Blondie's name is Naruto, which he learned shortly after his own. It's pretty cute. Their names carry the same amount of syllables and both start with Na. The fact that he knows a language that is distinctly not Japanese is throwing him off a little, because he's already worrying about exactly how their grammar rules change things. The odd collection of random information in his head very helpfully tells him that Japanese has kanji, hiragana and katakana. He doesn't know the difference between the three just yet — but he's pretty sure kanji is supposed to be the more complex alphabet.

Either way, Naruto and Natsume. It feels good to have a name. They're pretty nice ones too, all things considered. What isn't great is their current living situation. Don't get him wrong, the orphanage is leagues better than that room, but the matrons are so….weird.

There are two women, both with brown hair and dark eyes. He can't tell if they're related, because their faces aren't very similar and one is tan where the other is pale. Both of them are jerks. They aren't malicious or anything, just neglectful and wary. It's like they're scared of him and Naruto. Who gets scared of a baby?

Him and Naruto are allowed to lay in a room with a bunch of other babies, but their blanket is clearly set apart from the rest. Naruto wiggles and belly crawls weakly, fascinated by the loud laughing and squealing of the other children. Natsume does his best to distract his brother, but there isn't much he can do in his baby body, even if he is practically crawling by now.

They must be nearing a year old, right? Or maybe younger...Natsume's knowledge didn't have much on babies or how to tell the difference in age...or milestones. He should probably observe Naruto for that, but Natsume has no desire to slow his development. He needs to pull himself together as quickly as possible so he can care for his little brother.

So two weeks later he's pushing himself up against the wall on wobbly knees. Frankly, baby legs are like very limp noodles. Trying to walk is exhausting. Exhausting. All that mostly-unused muscle is suddenly forced to carry the strain of his full weight. Which — he doesn't really weigh that much, being a baby.

"Ba! Ba!" Naruto gurgles, rolling over and waving his fists. His crystal blue eyes are wide as he kicks his legs and gives Natsume a gummy baby smile. It's so adorably fluff-inducing that if Natsume had any teeth they would have rotted immediately.

He takes it as an attempt at cheering him on and pushes himself further.

His butt smarts from meeting the hardwood one too many times, but the force of it is more startling than painful. Natsume refuses to cry over something so miniscule. He keeps standing and falling, over and over.

Over and over.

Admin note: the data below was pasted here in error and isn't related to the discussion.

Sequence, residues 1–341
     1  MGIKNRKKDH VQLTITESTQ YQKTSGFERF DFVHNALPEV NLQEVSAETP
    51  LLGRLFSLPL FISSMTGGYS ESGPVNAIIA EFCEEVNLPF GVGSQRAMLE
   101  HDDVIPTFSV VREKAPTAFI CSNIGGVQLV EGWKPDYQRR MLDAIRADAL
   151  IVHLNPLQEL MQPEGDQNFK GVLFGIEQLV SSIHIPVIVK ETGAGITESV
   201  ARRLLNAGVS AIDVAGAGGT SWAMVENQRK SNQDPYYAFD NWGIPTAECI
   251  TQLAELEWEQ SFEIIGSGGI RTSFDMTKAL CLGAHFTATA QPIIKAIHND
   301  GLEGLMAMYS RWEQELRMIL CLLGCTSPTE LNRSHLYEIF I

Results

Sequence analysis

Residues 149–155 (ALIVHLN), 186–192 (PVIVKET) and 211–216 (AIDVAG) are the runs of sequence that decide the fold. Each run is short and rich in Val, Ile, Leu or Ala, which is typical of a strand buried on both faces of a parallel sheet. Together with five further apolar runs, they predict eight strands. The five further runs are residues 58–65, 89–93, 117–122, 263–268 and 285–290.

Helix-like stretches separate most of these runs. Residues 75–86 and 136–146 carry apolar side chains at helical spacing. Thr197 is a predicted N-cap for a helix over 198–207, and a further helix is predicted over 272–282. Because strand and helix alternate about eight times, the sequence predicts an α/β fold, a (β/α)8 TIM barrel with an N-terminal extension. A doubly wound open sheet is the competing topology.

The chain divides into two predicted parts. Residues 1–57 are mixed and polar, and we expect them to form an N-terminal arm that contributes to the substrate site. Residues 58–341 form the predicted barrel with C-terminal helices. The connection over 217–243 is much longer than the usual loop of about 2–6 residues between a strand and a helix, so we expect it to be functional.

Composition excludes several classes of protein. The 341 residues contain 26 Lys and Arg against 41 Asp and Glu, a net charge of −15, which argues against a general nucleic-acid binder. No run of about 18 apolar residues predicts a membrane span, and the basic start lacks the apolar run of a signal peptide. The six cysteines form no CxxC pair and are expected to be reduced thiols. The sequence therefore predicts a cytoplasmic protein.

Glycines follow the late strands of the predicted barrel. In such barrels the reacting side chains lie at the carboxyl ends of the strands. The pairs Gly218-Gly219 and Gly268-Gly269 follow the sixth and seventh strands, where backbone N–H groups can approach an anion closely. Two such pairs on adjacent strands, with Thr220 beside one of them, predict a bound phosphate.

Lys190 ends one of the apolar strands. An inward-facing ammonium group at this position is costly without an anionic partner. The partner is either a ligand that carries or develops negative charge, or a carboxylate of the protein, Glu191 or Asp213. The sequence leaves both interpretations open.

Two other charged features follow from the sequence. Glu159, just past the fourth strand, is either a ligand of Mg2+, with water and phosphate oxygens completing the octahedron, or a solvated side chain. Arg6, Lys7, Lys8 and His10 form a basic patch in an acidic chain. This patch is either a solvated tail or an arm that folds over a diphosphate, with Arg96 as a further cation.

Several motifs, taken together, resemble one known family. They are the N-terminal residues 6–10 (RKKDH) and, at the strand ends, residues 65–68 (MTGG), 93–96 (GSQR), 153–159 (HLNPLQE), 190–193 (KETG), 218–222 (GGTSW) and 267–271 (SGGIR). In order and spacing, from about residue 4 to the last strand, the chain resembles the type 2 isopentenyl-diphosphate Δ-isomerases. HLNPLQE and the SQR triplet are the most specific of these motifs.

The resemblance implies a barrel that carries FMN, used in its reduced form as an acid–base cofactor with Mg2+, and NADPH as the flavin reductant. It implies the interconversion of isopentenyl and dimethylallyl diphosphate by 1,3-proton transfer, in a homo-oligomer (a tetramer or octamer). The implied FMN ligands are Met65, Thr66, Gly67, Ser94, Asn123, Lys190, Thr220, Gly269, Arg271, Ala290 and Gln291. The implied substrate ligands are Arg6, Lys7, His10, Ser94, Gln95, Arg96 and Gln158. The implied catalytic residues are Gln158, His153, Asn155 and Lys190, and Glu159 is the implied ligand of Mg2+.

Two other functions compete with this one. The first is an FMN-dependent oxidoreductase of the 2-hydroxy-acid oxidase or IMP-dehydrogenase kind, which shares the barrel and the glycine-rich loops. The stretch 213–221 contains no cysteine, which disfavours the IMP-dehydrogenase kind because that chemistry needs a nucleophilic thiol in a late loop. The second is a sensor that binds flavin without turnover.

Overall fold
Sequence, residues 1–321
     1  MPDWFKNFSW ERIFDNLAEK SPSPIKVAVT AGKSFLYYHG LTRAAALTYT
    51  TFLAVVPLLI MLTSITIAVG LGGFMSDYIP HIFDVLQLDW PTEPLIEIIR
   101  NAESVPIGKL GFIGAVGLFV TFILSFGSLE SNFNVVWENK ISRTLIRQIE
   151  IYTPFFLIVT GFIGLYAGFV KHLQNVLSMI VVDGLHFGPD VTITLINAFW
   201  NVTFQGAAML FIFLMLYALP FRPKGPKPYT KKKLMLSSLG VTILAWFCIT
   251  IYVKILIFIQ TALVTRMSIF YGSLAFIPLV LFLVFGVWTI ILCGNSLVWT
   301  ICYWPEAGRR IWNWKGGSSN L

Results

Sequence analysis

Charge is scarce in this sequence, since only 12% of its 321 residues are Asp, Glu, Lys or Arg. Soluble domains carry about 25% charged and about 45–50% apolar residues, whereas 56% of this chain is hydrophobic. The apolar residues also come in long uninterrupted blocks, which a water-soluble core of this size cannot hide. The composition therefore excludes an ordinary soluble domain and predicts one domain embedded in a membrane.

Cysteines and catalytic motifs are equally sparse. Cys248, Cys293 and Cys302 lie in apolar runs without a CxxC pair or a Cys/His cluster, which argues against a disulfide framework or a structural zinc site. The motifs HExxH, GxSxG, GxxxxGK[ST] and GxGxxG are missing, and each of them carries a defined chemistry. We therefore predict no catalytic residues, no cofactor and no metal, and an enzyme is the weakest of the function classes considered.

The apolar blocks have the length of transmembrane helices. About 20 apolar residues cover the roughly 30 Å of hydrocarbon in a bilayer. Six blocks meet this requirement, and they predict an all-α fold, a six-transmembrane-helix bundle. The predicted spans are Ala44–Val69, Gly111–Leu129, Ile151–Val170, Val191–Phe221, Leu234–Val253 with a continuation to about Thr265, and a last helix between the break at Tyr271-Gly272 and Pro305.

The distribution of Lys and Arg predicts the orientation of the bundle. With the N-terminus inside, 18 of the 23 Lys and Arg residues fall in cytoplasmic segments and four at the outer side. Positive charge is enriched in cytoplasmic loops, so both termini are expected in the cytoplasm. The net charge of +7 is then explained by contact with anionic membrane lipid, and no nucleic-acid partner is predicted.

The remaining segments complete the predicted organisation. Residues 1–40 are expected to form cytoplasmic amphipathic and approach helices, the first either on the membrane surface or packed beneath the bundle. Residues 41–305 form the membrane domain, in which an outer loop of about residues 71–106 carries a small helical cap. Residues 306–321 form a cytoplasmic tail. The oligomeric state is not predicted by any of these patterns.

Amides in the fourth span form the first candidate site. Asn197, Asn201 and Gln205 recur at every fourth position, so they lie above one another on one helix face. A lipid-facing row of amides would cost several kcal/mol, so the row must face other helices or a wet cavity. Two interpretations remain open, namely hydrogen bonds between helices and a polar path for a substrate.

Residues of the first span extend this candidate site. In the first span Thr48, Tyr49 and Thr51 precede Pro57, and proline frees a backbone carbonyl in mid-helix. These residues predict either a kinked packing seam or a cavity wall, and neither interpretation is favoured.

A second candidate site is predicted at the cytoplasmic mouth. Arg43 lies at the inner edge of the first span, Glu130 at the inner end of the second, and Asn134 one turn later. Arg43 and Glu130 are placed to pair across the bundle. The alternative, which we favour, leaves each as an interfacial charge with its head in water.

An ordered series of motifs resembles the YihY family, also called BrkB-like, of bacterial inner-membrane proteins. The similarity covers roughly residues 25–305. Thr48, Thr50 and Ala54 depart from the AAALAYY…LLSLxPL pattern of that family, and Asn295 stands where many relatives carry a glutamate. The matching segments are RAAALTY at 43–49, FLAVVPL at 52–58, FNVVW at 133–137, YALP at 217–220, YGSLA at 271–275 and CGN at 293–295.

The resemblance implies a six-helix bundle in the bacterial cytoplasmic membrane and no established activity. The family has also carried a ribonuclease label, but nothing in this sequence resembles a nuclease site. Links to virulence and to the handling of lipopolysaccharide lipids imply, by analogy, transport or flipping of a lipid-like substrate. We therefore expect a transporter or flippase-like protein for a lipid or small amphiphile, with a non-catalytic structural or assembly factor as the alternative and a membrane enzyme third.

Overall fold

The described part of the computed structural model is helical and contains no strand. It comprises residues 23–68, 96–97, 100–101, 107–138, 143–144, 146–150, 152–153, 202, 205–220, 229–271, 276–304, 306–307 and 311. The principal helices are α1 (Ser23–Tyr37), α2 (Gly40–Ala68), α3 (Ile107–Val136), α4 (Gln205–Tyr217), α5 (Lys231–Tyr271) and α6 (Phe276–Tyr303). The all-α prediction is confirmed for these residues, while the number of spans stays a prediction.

Natsume is walking while his little brother still crawls around awkwardly. The movements are clumsy and slow, but at least he has his feet under him. One foot in front of the other. Finding his balance is a lot harder than it sounds, but he gets it.

The only good thing about the orphanage is the fact that they don't starve — and that being surrounded by so many loud, talkative people means that learning the language gets easier. Natsume desperately wants to read. Toys don't hold his attention and, as much as he loves Naruto, he can't stare at his brother for hours as a source of entertainment. It's not a pastime that Natsume wants to return to. Unfortunately, books are out of his reach right now. He's still struggling to understand the spoken word, never mind the complexities of the written.

The dark-eyed lady with tan skin feeds them, her eyes hawkish yet fearful. Like she's anticipating something terrible. Her hands shake. Natsume has no idea what's running through her head. He doesn't know why he and his brother are so obviously held to a separate standard.


It pisses him off. That anger grows as each week passes because how could this be right? How could any self respecting adult see these neglectful actions as okay? Contempt and anger is easier to foster — easier to hold close to his chest, so he can ignore the looming, poisonous loneliness. In truth, all this rage is really just a culmination of a lot of stressors. Someone hit his factory reset button and now there's no one willing to provide support.

Naruto babbles beside him on a pale blue blanket, a few other young children on the other side of the room. Young kids are loud and annoying — or maybe Natsume is just angry at everything. He actually thinks he likes children, or just the thought of a family. It's a pipe dream obviously, he and Naruto are clearly orphans and with the way everyone looks at them? No chance of adoption in their future. While he's practicing moving from sitting to standing he thinks about possible reasons for all the avoidance and fear. Anger at the fact that it's even happening has been at the forefront of his mind the whole time, so he hasn't really considered anything else.